Using the “5×5 ESG Framework” to figure out business strategy
Here’s a note from Harald Walkate:
I often hear this from corporate managers:
“People keep telling me we have to do more about ESG. Now, I already consider my company to be a responsible business, and myself to be an ethical person, but of course we can always do more. But: can please someone help me figure out what we then actually need to DO?”
I can understand this – in my experience ESG people are really good at pointing to all the big problems in the world (climate change, biodiversity, plastic, poverty, inequality), or pointing to the big aspirations (SDGs, “Paris”, an inclusive society). But sometimes they are not so good at figuring out how all this relates to a particular business. Or at advising executives on whether they actually can, or should, do something about these issues.
This is where the 5×5 ESG Framework can help (see the note for a graphic illustrating the framework).
It sets out 5 ESG ‘Themes’ that are likely to have implications for businesses across a large number of industries: Climate, Diversity, Supply Chain, Waste/Plastic and Governance.
And it lists 5 ‘Signals’ that managers can track to determine to what extent there are opportunities, and/or expectations from society, to act. The 5 Signals are: Government/Regulation, Ligitation (not necessarily litigation involving the company, but litigation in the industry or on a specific theme), Customers, Employees/Investors and Society/Activism. The Signals are listed in order of ‘scrutability’ – Regulatory signals tend to be much more clear and unambiguous than Society/Activism, for example.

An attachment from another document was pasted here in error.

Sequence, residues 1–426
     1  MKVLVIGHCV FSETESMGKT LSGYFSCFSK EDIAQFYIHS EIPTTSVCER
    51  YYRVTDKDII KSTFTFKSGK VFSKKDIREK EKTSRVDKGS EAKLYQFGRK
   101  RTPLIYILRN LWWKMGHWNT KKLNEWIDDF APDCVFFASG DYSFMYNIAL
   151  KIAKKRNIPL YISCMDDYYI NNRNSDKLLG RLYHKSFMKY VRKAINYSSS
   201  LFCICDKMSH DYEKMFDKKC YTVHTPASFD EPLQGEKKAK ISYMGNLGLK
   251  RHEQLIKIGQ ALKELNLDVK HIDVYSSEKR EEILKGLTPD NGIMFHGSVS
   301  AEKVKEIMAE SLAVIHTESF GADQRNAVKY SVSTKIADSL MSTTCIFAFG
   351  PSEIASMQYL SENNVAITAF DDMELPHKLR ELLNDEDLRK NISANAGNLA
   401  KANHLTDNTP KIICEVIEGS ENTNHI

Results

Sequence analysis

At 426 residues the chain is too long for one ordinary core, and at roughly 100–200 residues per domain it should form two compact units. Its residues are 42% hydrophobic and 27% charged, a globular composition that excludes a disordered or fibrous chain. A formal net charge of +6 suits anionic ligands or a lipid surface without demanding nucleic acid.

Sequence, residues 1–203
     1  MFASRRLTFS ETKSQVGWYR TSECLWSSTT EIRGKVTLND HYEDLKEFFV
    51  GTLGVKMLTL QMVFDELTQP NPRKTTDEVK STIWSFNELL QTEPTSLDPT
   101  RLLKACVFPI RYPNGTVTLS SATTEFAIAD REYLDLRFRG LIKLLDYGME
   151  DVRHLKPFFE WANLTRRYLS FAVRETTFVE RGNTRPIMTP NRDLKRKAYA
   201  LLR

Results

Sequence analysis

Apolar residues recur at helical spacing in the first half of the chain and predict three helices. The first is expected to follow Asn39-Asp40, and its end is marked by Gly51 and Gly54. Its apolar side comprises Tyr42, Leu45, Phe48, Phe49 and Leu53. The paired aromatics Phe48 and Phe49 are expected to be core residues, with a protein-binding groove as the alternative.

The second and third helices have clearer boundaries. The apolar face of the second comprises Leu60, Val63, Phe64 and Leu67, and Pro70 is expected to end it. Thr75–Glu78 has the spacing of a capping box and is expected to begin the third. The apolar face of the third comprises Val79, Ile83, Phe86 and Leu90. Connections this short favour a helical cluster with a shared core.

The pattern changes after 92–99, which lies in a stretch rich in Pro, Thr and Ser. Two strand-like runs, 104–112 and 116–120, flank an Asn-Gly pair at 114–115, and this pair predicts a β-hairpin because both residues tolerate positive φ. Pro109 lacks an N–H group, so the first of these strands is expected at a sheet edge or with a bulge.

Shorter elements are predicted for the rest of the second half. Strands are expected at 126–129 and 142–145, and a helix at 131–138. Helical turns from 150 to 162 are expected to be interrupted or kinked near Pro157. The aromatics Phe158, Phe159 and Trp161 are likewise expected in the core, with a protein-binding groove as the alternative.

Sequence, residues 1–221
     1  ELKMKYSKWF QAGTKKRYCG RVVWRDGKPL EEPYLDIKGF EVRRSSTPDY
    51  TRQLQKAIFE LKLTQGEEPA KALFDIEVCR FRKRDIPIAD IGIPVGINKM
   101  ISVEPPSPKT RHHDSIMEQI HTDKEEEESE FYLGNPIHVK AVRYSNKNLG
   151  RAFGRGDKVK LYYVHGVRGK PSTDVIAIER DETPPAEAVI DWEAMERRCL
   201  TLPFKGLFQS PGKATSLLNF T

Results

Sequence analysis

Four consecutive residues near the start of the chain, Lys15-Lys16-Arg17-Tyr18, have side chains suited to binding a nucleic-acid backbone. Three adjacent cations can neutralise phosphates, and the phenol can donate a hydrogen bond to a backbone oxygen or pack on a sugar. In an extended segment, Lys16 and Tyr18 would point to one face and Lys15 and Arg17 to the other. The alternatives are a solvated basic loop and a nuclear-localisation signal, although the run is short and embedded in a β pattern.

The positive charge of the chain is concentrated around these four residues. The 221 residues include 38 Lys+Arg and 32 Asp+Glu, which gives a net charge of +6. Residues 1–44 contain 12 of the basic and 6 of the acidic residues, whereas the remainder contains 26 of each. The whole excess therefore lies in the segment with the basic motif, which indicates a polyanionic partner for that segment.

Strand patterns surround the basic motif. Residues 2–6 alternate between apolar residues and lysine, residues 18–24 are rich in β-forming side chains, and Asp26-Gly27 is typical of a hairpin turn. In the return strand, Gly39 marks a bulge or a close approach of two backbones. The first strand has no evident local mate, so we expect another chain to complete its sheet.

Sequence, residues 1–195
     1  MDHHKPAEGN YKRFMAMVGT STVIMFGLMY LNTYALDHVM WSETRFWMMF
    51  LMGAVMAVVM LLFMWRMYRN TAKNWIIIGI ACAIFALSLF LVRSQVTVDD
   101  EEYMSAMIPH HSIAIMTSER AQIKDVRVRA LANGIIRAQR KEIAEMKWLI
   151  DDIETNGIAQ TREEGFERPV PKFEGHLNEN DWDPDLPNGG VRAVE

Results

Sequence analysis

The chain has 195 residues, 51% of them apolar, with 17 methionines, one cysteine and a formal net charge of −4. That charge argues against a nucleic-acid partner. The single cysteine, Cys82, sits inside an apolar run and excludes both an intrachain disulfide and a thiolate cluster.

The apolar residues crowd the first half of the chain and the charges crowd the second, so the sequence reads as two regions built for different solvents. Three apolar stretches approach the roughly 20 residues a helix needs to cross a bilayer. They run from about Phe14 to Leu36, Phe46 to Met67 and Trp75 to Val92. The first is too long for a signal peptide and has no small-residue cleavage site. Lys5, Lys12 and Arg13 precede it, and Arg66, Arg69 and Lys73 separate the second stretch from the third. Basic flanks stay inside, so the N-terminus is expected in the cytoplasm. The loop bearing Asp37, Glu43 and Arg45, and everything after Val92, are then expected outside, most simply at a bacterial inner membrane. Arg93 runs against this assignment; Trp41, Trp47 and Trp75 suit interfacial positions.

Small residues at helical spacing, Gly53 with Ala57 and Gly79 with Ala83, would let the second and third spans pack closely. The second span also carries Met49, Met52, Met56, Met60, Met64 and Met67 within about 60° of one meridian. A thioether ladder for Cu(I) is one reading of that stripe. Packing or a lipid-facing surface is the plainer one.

Then it’s basically a simple process of monitoring the Signals, and checking off where society’s expectations rise, or business opportunities arise, and defining plans or activities to act on them.
Obviously this is an extreme simplification of what in practice is still usually a very nebulous, iterative and never-ending process. However, this tool has a number of benefits:
– It helps managers zoom in quickly on issues that directly link to their business.
– It helps managers ask the right questions and prioritize the Signals.
– It shows that not every company needs to address every ESG issue, though sometimes it can make sense to act proactively, rather than waiting for concrete signals, such as regulation.
– By looking at ‘signals’ rather than ‘stakeholders’ it takes into account the fact that not all stakeholders are created equal, and that the loudest voices should not always carry the day.
Of course going through this matrix can be no substitute for a thorough process to assess materiality, also because every company is unique and should do its own rigorous analysis. But it can be a conversation-starter or a useful cheat-sheet.
Or just something managers can pull out the next time someone tells them “you should do more ESG”. Then they can respond, “Yes we should. Now, help me out – where should we start, what should we do and why should we do it?”